Here is the revised site architecture, as implemented into the WordPress prototype:
Branding documents emphasized the need for the school to move away from the image of a funky startup school with a mysterious, anti-technology pedagogy that caters to early childhood. The board wanted to move towards being seen as a proven, academically rigorous form of alternative education which develops all aspects of its students and prepares them for a rapidly changing world.
The copywriters worked with teachers to come to a happy medium which touched upon the depth of their work without sounding too esoteric, with an emphasis on rigor, using a friendly, straightforward tone which spoke to our personas.
Waldorf schools have a unique aesthetic, and we decided to capture that not in the design of the site itself, but in photographs. Fortunately, I had been methodically photographing every aspect of the school for years. These inherently colorful images showed prospective parents what their children would experience, and served as a focal point in contrast to the typography-based site design.
The designer and developer worked together to create a custom theme, with an emphasis on typography and white space. Meanwhile, the copywriters refined their language, and I organized and processed the photos to make them as lightweight as possible.
We also came up with a change management plan. The parent community was informed that the site would be changing, and got them acclimated to going to our new SIS for internal information.
With the site in pretty good shape, we ran some further user tests. It worked well on mobile, only requiring the standard typographical adjustments.
The design and content were well received, but the speed of the site was a glaring issue. A call to the hosting service to upgrade the school’s plan ensured the site would load quickly.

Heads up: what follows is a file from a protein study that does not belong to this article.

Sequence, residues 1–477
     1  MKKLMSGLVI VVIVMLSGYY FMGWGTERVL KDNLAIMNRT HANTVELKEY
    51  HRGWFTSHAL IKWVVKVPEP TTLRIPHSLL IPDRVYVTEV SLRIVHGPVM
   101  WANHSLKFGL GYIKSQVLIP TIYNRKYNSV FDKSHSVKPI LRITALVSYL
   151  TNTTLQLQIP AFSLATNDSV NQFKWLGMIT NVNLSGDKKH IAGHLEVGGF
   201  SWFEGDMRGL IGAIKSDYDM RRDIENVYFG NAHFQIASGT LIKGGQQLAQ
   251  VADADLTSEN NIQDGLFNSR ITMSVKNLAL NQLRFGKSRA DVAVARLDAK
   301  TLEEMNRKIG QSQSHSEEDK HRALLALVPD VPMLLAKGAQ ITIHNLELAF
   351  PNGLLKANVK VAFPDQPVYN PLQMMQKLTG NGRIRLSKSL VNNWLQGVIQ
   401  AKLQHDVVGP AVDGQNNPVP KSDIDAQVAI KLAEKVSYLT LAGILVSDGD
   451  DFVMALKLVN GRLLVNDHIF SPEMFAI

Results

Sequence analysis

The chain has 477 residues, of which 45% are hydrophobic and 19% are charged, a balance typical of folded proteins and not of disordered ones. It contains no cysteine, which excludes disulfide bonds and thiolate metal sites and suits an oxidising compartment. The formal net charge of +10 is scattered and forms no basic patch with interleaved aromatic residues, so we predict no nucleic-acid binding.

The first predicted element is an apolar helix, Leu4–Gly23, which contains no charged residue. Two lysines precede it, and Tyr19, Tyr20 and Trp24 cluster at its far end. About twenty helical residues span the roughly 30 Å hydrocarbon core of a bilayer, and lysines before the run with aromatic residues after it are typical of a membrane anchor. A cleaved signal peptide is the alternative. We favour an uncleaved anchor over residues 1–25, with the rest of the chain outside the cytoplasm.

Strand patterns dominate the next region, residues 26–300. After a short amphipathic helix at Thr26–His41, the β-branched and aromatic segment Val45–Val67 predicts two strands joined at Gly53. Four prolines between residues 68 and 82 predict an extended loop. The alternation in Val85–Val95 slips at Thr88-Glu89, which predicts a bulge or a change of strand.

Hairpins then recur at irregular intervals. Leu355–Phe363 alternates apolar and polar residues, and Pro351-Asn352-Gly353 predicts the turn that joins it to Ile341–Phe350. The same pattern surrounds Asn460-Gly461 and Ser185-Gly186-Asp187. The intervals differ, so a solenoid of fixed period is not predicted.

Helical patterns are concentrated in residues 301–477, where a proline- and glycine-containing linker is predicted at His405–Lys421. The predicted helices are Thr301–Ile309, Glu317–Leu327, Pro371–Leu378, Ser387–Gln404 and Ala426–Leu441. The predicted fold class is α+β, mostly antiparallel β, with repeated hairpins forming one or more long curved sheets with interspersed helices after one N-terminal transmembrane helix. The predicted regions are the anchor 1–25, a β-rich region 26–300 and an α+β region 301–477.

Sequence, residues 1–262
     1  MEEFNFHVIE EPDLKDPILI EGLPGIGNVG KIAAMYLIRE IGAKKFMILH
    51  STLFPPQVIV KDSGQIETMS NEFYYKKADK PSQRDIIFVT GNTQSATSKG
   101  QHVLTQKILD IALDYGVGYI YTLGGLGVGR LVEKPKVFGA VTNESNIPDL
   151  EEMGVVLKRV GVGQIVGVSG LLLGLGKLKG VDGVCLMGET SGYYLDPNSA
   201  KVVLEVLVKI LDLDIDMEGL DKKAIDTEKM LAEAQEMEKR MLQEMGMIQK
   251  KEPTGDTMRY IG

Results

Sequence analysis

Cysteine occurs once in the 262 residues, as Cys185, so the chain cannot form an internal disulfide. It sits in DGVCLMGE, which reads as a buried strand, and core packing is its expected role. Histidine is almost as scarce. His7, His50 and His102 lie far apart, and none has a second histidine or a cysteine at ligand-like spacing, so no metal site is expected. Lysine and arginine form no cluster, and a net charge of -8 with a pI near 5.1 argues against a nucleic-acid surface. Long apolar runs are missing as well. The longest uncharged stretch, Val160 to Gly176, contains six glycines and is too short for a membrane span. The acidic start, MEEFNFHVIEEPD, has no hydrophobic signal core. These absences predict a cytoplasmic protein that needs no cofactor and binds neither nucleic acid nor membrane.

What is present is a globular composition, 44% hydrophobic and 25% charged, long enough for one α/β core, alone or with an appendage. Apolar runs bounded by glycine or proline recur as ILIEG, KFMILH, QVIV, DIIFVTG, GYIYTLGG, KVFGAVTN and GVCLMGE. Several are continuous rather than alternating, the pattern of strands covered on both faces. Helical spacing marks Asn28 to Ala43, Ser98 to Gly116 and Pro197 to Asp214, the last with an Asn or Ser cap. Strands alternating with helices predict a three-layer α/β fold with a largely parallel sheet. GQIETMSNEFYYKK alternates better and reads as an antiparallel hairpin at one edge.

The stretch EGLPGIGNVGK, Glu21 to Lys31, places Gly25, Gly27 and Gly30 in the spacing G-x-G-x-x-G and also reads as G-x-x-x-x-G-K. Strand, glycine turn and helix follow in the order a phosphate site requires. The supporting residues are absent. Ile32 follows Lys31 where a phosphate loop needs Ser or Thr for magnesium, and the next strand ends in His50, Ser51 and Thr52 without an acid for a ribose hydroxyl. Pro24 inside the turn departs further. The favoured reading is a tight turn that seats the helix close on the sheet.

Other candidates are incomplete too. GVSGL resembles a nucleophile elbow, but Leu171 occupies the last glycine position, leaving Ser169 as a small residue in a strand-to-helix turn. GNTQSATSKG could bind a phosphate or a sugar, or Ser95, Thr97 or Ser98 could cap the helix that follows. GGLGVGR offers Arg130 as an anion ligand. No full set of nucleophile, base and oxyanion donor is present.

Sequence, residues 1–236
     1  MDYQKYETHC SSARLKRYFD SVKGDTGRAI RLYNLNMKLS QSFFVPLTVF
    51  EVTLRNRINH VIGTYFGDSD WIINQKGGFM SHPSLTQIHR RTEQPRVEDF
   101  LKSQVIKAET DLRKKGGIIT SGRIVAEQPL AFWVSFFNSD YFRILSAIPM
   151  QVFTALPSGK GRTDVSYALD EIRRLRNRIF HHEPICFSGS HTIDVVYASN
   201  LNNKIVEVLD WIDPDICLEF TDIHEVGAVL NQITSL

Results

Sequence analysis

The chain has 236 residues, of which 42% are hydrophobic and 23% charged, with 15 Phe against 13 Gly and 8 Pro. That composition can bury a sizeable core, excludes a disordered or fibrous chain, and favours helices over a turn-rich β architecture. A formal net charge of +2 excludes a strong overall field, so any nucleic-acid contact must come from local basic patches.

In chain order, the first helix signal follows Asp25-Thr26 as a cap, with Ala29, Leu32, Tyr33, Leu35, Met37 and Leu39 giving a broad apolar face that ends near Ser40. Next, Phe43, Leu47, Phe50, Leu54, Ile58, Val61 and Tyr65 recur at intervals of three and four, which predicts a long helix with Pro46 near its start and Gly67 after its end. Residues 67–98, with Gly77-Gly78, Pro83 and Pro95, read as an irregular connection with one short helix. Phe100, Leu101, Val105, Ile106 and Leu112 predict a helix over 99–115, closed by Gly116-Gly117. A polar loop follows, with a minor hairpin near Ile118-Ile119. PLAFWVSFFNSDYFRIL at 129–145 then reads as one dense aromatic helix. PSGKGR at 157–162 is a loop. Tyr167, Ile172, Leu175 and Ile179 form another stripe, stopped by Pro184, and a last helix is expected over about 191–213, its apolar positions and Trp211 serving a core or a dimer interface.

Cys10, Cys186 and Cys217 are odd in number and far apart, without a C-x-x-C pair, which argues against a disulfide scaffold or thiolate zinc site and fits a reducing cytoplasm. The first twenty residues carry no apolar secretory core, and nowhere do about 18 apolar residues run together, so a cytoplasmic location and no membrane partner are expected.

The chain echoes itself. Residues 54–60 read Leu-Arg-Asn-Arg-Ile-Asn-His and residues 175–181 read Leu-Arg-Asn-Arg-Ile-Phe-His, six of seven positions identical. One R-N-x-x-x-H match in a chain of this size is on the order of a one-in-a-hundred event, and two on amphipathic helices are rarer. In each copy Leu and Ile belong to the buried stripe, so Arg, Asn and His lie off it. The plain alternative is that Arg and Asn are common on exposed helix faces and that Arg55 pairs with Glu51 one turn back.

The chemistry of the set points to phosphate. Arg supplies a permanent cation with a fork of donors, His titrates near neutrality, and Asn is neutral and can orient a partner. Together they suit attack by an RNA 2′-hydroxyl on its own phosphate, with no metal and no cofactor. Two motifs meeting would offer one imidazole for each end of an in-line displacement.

We launched the site just before the beginning of a new school year, giving the school an updated, more mature look and feel, targeted to prospective parents.
Responsive design made navigation and contacting the school easy.
The new site separated its to two users: current and prospective parents.
Current parents could access the calendar, and internal information through the pervasive links on the top left corner.
Prospective parents had an easier time navigating the site, and contact with the school was always a click away.
The minimalist design provided a stark contrast to the vibrant photographs which showcased the school.
The site was well received by the community, and our colleagues at other Waldorf schools. After three months, analytics revealed a decrease in bounce rates (particularly on mobile), and an increase in visit duration. Admissions reported call volume increased, and that tour registrations had filled up faster than the previous year, requiring them to schedule another one to accommodate the increased interest. Internal staff found it easier to update their respective sections, freeing them to focus on other duties. The majority of current parents quickly registered for the new SIS. Some gave positive feedback on their ability to access so much information in one location.
The site continued to change after I left the school, and I cannot vouch for the design decisions that have been made since my departure. This is a common issue with school websites, multiple people with varying degrees of design skills updating and adding to the site after the original design team disbands. It frequently leads to less-than stellar user experiences. Budgetary, personnel, and management issues all play a role in the situation.
From Potential to Essential
Strengthening the heartbeat of a community
From Friction to Flow
Streamlining a critical process